Overall, I applaud SEVeN’s efforts. Possibly the conceptual challenge is not what qualifies as a “sustainability experiment” but more so how should we categorize the experiments, linking ones with similar attributes as not to narrow the realm of possibilities and potential knowledge. More food for thought in the area of dissemination could be in publication, ie. newsletter, journal, or broadcasting, ie. commercials. Ultimately, public speaking events such as this one will possibly be the best bet for collecting ideas; word of mouth is a powerful tool in itself.
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There were several thought-provoking ideas in this talk, including the question about how we can compile experience and deep-seated knowledge, not just data and statistics (paraphrased from Sheila Jasanoff).
I began thinking about the internet as a tool for knowledge compilation and dissemination. It is easily accessible (though not for everyone around the world), can enable global communication and interaction (though again, some are not participating), and can respond quickly to a changing world, but there is so much content ‘out there’ that competes for attention. How would you draw people to your resource initially, and how would you encourage a recurring engagement with your site?
I believe Stephen Zavestoski provided one suggestion when he proposed that with online databases, academic case studies are a start, but you need to incentivize laypeople to contribute as well. I attended a talk by Maya Lin in Berkeley last week and I found her most recent project to be extremely relevant to this line of thought. As a continuation but reinterpretation of her previous work (she is most famous for designing the Vietnam Memorial), “What is Missing” (whatismissing.net) functions as what she calls an “online memorial.” The public is invited to share memories of elements of the natural environment — primarily species of flora and fauna — that have been lost, as well as stories of things that were lost but have come back. The project is an interesting hybrid between art and science. The memories are very subjective and individual, and yet each one functions as a ‘data point’ that builds an agglomeration of collective environmental memory – a type of database of change in nature.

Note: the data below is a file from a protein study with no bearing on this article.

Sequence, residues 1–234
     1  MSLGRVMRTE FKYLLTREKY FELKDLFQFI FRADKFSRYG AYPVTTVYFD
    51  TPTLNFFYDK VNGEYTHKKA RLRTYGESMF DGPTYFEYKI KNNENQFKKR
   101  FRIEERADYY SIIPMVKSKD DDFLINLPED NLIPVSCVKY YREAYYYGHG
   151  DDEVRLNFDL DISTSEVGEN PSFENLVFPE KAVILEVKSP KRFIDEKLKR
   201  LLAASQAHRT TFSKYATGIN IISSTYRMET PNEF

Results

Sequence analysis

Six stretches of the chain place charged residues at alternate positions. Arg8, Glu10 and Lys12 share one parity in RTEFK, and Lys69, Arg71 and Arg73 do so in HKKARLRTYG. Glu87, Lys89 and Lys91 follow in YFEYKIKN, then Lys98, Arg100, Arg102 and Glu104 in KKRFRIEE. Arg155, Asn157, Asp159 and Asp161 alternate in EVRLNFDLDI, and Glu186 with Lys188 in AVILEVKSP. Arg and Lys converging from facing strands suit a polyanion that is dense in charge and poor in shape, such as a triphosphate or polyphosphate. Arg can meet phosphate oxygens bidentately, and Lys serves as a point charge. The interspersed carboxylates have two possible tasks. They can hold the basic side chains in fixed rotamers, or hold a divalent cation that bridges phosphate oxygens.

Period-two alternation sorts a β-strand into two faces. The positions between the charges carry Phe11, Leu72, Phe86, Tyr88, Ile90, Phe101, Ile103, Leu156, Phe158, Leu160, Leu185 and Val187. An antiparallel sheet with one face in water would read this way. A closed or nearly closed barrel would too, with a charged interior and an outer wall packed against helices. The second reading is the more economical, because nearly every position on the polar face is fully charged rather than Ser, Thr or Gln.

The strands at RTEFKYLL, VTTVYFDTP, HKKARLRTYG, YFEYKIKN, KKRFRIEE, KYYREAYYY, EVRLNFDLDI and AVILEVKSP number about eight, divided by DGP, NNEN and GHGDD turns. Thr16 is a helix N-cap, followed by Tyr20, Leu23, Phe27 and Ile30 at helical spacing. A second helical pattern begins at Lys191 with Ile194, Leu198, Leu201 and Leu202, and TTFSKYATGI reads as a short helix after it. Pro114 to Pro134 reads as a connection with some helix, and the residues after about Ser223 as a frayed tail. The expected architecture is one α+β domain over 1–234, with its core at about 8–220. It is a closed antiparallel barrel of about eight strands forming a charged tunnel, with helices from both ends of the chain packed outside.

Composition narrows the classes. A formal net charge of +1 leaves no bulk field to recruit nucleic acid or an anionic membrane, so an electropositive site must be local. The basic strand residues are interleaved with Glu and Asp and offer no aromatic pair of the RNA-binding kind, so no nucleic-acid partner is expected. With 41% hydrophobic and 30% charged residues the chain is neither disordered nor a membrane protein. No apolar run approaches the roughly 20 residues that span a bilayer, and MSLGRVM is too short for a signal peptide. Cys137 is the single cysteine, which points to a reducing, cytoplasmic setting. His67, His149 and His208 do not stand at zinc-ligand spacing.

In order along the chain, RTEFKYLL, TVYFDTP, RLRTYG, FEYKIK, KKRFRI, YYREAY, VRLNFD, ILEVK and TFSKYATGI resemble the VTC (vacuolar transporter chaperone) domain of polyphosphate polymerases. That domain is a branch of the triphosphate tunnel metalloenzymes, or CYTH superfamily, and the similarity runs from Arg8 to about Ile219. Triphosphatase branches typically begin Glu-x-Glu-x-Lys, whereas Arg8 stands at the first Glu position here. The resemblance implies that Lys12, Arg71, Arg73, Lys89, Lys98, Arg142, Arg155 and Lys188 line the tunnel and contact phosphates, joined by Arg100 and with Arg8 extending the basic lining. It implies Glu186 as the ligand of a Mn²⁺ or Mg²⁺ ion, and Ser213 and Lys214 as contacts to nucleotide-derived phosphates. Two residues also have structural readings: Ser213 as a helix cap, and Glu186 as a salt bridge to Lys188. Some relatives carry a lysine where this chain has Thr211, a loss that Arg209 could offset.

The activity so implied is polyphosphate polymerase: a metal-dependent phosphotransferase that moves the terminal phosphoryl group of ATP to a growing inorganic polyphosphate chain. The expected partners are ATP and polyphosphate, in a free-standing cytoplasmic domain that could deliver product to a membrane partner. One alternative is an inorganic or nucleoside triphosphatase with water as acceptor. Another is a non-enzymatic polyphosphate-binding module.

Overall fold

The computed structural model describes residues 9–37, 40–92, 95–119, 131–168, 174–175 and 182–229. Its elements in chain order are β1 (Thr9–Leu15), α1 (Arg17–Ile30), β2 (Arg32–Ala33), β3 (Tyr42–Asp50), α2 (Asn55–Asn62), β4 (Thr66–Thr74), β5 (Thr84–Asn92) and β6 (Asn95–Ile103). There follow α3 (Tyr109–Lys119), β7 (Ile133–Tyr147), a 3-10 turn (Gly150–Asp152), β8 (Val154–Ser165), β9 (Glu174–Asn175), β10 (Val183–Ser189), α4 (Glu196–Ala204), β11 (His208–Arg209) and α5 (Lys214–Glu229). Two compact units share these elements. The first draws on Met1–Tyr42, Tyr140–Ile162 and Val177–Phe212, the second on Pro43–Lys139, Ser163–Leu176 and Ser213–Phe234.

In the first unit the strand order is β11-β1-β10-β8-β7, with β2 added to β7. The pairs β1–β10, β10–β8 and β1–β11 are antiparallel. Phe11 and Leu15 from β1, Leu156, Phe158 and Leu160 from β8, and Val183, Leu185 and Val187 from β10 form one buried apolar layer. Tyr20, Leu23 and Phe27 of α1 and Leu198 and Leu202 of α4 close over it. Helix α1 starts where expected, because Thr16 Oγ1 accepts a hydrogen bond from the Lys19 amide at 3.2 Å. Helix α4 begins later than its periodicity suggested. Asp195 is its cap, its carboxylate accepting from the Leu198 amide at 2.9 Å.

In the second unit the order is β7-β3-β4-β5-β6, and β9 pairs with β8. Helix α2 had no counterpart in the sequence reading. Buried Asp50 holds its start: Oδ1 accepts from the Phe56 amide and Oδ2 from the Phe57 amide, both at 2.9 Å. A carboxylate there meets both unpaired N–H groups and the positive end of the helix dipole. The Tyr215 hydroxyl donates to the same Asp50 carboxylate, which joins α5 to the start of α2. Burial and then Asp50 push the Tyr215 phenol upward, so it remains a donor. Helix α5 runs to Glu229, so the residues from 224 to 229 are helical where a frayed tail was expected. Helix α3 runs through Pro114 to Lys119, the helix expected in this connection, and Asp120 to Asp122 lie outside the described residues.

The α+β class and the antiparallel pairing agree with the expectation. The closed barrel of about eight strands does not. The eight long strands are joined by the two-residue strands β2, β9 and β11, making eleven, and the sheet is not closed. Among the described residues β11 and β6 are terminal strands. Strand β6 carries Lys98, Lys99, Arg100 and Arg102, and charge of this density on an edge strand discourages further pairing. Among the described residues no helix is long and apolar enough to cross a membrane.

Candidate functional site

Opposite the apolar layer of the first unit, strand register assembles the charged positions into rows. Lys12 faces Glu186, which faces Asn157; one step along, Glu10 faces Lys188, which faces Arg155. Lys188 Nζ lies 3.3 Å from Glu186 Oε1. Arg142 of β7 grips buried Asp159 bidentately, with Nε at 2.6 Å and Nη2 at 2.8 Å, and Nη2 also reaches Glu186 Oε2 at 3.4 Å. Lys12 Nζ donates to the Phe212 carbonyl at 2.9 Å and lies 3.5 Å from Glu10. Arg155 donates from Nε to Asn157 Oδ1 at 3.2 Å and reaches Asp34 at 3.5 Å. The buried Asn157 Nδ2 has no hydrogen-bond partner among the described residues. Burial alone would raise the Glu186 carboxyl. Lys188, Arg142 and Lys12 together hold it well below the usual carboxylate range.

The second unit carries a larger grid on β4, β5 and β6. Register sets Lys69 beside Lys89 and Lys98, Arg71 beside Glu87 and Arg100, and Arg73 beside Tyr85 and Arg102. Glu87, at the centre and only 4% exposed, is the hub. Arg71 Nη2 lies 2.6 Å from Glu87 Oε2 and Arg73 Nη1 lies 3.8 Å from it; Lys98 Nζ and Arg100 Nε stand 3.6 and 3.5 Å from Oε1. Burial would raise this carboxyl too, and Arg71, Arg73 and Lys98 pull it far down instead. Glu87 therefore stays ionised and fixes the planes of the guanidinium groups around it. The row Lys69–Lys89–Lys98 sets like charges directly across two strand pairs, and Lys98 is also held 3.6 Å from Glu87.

I think that people are naturally drawn to share personal experiences, and that this can create a psychological bond with a project that can lead to increased interaction and engagement and help to “compile experience and deep-seated knowledge.” So, perhaps one way to incentivize people to contribute to databases of knowledge is to encourage the sharing of personal stories.
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This talk by Stephen Zavestoski brought up a variety of interesting points. I thought his context and theoretical framework for arriving at and introducing SEVeN were well thought out: assertions such as prevention as a long-term strategy rather then often for-profit treatment, or acknowledging how money flows through bureaucracies. I think the key to his “adaptive muddling” term is the urgency aspect at which these sustainability experiments progress. If we as a planet are simply muddling along now, our adaptations are going to have propagate rapidly in order to achieve global sustainability in any meaningful timeframe.
A network like Zavestoski is proposing could potentially have the capacity to help foster change and facilitate some urgency. The question however is still largely: what is the network? A website? What kind of interface will allow easy interaction across such a broad array of information? In a sense these were the questions Zavestoski asked us and their answers will define SEVeN’s success. I don’t know the mechanisms as to why certain things go viral or why various websites such as craigslist become so widely used, but if SEVen could achieve this then perhaps it really could disseminate local knowledge on a global scale. In a sense the idea is an experiment in sustainability itself.